Fun Ways for Kids to Serve Neighbors During COVID 19

Your kids are probably homeschooling now, regardless of their regular school situation. Contact with others outside your home is strongly discouraged. In most places though, we are still allowed to walk in our neighborhoods and do things in our yards as long as we don’t come close to others.

Your kids can use this time to reflect God’s love to your neighbors. There are quite a few things they can do to serve and encourage the people nearby. Encourage them to be creative, but here are some ideas to get you started.

  • Chalk sidewalk art. Send a neighborhood email and offer for your kids to decorate the sidewalk near their mailbox or their driveway with colorful chalk drawings. Remind neighbors to stay inside while your children work. If you have public sidewalks in your neighborhood, most localities allow chalk drawings which will wash away in the next rain. Encourage your kids to come up with cheerful designs that point people to God in some way.
  • Mailbox art. Have your kids make works of art and tape them to the mailboxes of neighbors. Once again, encourage the use of cheerful colors and finding ways to incorporate scripture or point people to God in some way.
  • Encourage a neighborhood cheer project for the kids in your neighborhood. Have your kids make fliers and distribute them in your neighborhood. Encourage neighbors to put a specific type of object like a stuffed animal or a drawing of a giant Easter egg in the window of their home where it can be seen by children taking walks with their families. Encourage the families with small children to go on a “treasure hunt” to see how many of the chosen objects they can see in the windows of homes while they are walking with their parents.
  • Design work out stations. Have your kids design a special workout families can do at certain spots on their family walk in your neighborhood. Space the ideas far enough apart and make them quick enough so families don’t risk exposure to the germs of others. For example, draw a hopscotch board with chalk on a corner sidewalk and tell families to hop rather than walk that distance. Or at a certain landmark, jump up and down ten times. Be creative and distribute the ideas to everyone in your neighborhood digitally or otherwise.
  • Share Spring. If you have flowers or shrubs blooming in your yard, share them with those in your neighborhood who can’t get out at all. Have your kids decorate containers to put the flowers in with a little water. Then put them on a doorstep of a neighbor, ring the bell and run far enough away to not spread germs when your neighbor opens the door.
  • Offer weekly check in calls. Have neighbors sign up to receive a weekly video call from your family. Encourage your kids to come up with stories to tell, a song to sing or other things to fill the time after making sure the neighbor is fine.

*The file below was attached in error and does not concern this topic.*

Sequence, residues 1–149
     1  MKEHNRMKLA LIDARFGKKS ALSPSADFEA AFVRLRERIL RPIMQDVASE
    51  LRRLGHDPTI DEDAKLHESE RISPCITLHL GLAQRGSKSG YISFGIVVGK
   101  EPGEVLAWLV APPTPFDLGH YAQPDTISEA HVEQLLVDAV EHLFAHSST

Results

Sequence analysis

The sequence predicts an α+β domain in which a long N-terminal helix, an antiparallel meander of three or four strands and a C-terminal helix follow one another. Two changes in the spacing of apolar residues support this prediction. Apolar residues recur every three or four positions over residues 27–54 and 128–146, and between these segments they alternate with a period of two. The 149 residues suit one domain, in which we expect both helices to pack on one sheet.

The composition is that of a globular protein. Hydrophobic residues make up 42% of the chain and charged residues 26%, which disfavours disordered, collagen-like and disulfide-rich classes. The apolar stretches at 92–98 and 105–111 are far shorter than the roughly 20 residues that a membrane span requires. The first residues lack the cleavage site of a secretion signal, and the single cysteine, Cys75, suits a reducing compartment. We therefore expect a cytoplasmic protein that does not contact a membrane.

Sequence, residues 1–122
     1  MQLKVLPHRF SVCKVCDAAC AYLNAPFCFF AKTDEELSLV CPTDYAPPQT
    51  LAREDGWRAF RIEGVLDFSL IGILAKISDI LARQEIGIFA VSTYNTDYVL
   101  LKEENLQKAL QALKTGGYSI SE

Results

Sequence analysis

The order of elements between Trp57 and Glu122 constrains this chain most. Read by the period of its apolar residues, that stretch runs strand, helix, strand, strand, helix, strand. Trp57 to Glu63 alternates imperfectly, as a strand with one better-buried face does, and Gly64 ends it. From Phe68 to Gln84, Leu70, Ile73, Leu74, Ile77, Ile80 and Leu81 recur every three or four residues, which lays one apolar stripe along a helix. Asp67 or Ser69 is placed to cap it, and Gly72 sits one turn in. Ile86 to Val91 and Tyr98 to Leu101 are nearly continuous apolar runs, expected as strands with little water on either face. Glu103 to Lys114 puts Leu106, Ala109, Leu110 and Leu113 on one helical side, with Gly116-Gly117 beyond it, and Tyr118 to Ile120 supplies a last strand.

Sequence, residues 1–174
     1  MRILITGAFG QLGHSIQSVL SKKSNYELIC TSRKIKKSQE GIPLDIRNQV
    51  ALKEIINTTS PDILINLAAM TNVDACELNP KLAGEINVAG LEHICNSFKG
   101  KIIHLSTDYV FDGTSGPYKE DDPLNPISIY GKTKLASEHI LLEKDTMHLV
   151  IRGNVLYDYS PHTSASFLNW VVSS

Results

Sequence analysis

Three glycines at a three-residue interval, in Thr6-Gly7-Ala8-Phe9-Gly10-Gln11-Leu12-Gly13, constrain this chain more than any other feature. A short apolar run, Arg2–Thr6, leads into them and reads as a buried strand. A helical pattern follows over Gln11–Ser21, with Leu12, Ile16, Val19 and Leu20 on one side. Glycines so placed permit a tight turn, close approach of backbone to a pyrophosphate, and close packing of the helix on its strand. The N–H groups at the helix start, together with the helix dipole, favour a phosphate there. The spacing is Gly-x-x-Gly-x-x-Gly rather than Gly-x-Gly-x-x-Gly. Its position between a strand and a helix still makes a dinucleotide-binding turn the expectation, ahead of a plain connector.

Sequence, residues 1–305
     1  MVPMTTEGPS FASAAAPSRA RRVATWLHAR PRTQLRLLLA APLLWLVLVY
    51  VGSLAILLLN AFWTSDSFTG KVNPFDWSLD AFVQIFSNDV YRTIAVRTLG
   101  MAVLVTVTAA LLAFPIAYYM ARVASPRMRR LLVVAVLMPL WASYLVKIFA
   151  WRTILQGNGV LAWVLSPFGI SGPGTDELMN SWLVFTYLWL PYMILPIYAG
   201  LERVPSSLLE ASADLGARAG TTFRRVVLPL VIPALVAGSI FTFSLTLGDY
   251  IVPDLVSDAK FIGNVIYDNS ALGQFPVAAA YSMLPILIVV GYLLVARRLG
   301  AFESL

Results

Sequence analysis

There are so many ways your kids can use this time to be creative in the ways they serve others and share their faith without endangering themselves or others. Take advantage of the opportunity to teach your kids how God wants them to live their lives.

3 Easy Crafts to Help Your Kids Grow Spiritually

You probably have some basic supplies at home your kids can use to create crafts that will help them develop habits to encourage their spiritual growth. If you don’t have the materials listed, get creative and use what you have on hand.

Paper bags can substitute for regular paper. You can make natural dyes to substitute for paint using things like onion skins, hot water and vinegar (Just make the consistency much thicker than you might use to dye eggs.) Paint brushes can be made from attaching a pencil with a rubber band to things like a piece of sponge. Encourage your kids to look around and use their natural creativity.

Here are three great crafts to get your kids in the habit of doing things that will help them grow spiritually.

  • Prayer container. You can use any container, making sure there are no sharp edges or it’s unbreakable for younger children. Have them decorate the container by covering it in any decorative materials you have or let them get creative and use unusual items to decorate it. Then have them cut slips of paper that they can also decorate on one side. On each slip, have them write the name of someone they know. Place the slips of paper in the container. Encourage them to pray independently at one or more set times each day. Before they begin praying, they can draw some names to mention specially in their prayer. The activity can be adapted to include slips of paper with topics they can pray about if they are struggling with what to say to God. Have them place the completed prayer jar where they can see it and be reminded to pray.
  • Gratitude journal. Take a blank notebook or some card stock to create a cover and paper for the pages. Encourage them to decorate the cover with images of things for which they are grateful. On each inside page, they may choose to add a verse of scripture about being thankful and a border or small design. Encourage them to take a few minutes before bed each day and write down or draw three things for which they are especially grateful that day. Have them thank God specifically for those things in their evening prayer. They may want to place the completed journal next to their prayer container so they will remember to use it each day.